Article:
• 1 tablespoon garlic granules
  • 1 tablespoon red chili pepper flakes, crushed
  • 1-1/2 tablespoon rubbed sage
  • 1/2 tablespoon (1-1/2 teaspoons) ground yellow mustard seed
  • 1/4 cup nonfat dry milk (binder to hold meat and ingredients together)
  • 1/4 cup water
In a large mixing bowl, combine thawed meats with dry ingredients and mix by hand until thoroughly blended. Add water and mix well again. Refrigerate meat for 30 minutes.

Sausage Patties can be formed by hand in your choice of sizes and placed on wax paper. Note: If you freeze them, use two pieces of waxed paper between each patty; this will make them easy to separate and thaw.

Breakfast Links can be formed by filling a regular plastic baggie with meat mixture and then cutting a quarter-inch hole in one corner of the baggie and squeezing the meat out onto wax paper.

For both patties and links, multiple rows can be created by using waxed paper to separate each row of patties or links (see Note, above) and then wrapping in freezer paper. Write the recipe name and date on the outside of the freezer paper. Sausage can be refrigerated for 3 days or frozen for 2 to 3 months.

Place thawed patties or links in a skillet and cook over medium-low heat for 10 to 13 minutes. Bake patties or links in a preheated 375°F oven for 18 to 20 minutes. Breakfast sausage can also be crumbled, fried and added to cream gravy for egg or biscuit toppings. Link sausage makes great pigs-in-a-blanket. Makes 2-1/2 pounds sausage or approximately 10 patties or 20 breakfast links.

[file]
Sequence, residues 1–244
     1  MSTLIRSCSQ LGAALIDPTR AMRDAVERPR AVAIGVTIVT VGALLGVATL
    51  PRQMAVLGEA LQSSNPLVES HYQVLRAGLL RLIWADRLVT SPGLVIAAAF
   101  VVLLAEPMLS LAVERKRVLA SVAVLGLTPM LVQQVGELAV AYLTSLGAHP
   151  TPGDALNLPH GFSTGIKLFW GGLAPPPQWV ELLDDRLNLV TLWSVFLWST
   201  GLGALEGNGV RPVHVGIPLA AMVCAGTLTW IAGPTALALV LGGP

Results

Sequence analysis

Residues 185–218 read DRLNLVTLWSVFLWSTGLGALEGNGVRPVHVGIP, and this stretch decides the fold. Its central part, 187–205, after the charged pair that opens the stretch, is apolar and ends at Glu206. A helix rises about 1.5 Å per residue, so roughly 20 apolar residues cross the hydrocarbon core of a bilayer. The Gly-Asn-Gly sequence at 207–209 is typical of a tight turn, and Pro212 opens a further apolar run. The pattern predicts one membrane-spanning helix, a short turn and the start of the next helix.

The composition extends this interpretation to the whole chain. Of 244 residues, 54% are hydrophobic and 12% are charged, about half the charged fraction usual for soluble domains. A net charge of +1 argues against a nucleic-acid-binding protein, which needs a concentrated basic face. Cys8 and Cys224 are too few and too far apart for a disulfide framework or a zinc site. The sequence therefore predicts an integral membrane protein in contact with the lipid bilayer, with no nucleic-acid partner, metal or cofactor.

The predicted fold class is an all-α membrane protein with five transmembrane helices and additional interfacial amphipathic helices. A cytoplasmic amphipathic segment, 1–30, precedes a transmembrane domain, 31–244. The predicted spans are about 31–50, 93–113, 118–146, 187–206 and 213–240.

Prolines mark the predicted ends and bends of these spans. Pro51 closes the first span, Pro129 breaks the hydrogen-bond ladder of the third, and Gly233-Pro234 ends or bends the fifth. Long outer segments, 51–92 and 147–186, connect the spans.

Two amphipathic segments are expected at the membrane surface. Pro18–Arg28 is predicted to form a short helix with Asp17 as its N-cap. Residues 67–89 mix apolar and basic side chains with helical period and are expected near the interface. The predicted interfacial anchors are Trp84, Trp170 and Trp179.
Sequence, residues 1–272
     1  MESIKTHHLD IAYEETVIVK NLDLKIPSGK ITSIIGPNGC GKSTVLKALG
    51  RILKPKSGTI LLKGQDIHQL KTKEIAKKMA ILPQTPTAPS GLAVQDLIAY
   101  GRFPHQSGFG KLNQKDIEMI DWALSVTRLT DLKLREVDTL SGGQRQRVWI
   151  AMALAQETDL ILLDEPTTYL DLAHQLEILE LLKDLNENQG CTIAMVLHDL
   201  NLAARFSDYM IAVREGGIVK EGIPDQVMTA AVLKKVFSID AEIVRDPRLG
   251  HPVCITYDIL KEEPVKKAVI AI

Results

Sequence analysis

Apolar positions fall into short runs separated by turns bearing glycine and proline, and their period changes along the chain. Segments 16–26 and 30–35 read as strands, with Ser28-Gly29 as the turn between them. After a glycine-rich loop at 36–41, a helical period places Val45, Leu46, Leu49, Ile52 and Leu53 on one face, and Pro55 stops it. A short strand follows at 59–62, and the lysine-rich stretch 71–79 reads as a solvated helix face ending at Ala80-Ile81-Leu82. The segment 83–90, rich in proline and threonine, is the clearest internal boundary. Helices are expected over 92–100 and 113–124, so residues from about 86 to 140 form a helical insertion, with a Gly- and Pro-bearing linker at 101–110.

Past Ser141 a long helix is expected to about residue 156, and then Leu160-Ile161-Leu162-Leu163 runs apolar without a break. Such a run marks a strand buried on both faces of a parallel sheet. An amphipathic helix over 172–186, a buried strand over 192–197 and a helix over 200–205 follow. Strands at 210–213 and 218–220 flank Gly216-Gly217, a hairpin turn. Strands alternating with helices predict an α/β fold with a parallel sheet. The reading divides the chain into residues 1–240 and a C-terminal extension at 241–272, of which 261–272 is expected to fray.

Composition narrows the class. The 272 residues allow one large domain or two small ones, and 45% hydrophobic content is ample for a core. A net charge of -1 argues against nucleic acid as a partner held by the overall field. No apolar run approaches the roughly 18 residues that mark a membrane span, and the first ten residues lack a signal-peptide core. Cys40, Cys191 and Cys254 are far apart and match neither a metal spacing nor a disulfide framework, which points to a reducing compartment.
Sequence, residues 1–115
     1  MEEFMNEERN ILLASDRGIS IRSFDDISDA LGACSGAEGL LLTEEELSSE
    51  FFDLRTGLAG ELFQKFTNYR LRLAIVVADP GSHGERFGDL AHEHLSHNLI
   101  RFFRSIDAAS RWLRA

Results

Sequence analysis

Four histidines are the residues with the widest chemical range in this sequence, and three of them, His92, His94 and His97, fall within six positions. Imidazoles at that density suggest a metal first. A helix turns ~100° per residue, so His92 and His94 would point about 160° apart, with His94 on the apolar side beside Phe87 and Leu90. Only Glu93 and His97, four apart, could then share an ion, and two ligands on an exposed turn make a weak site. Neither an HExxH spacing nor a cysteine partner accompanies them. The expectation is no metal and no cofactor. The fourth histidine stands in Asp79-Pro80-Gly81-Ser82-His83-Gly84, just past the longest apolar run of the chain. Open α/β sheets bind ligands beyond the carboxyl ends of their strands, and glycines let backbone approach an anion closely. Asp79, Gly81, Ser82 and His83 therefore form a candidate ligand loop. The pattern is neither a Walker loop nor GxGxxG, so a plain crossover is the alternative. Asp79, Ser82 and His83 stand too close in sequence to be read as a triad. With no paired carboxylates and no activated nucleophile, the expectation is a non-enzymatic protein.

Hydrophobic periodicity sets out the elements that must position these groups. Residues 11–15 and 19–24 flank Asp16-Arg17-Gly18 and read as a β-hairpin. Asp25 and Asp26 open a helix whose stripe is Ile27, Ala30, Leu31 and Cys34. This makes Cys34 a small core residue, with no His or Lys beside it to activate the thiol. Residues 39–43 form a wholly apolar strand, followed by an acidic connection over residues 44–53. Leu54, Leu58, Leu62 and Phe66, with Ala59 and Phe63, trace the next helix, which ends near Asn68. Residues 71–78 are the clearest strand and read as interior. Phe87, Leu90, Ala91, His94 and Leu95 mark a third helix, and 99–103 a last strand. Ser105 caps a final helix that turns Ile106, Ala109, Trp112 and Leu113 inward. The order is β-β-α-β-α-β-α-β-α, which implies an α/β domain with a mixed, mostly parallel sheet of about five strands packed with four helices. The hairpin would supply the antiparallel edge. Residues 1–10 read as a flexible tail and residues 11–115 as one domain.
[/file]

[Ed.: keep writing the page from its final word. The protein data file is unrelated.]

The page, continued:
Sweet Italian Sausage

  • 1-3/4 pounds lean ground beef
  • 1 pound ground pork (80% lean/20% fat)
  • 1/2 tablespoon paprika
  • 3/4 tablespoon whole fennel seed
  • 1/2 tablespoon salt
  • 1/4 teaspoon black pepper
  • 1/4 teaspoon white pepper
  • 1/8 cup sugar
  • 1/4 cup nonfat dry milk (binder to hold meat and ingredients together)
  • 1/2 cup water
In a large mixing bowl, combine thawed meats with dry ingredients and mix by hand until thoroughly blended. Add water and mix well again.

Meat can be made into links by stuffing into casings, or wrap loose meat in 2 packages containing 1-1/4 pounds per package. Label each package with recipe name and date, and store in the refrigerator for up to 3 days or freezer for 2 to 3 months. The meat can be made into meatballs or cooked as ground meat and used in Italian meat sauces such as lasagna. Makes 2-1/2 pounds sausage.

Old-Fashioned German Link Sausage

The curing salt called for in this recipe is found in most grocery stores, and should be used only if you intend to dry or smoke the sausage.
  • 3 pounds lean ground beef
  • 3 pounds ground pork (80% lean/20% fat)
  • 3 tablespoons salt
  • 2 tablespoons coarse ground black pepper
  • 1 tablespoon paprika
  • 1 tablespoon garlic granules
  • 1/2 tablespoon crushed red chili pepper flakes
  • 1 tablespoon ground yellow mustard seed
  • 1/2 cup nonfat dry milk (binder to hold meat and ingredients together)
  • 1/2 cup water
  • 1 tablespoon curing salt (optional – use if drying or smoking sausage)
In a large mixing bowl, combine thawed meats with dry ingredients and mix by hand until thoroughly blended. Add water and mix well again.

Stuff the meat into casings and tie off the ends. Wrap in butcher paper and label with recipe name and date. Store in the refrigerator for up to 3 days or freezer for 2 to 3 months.

Cook thawed links by placing in a skillet over low heat and frying for 10 minutes per side, or simmer in skillet with 1 inch of water over low heat for about 10 minutes per side. Great when served with sauerkraut, or placed on hard rolls with mustard and sauerkraut. Makes 6 pounds or 6 1-pound links.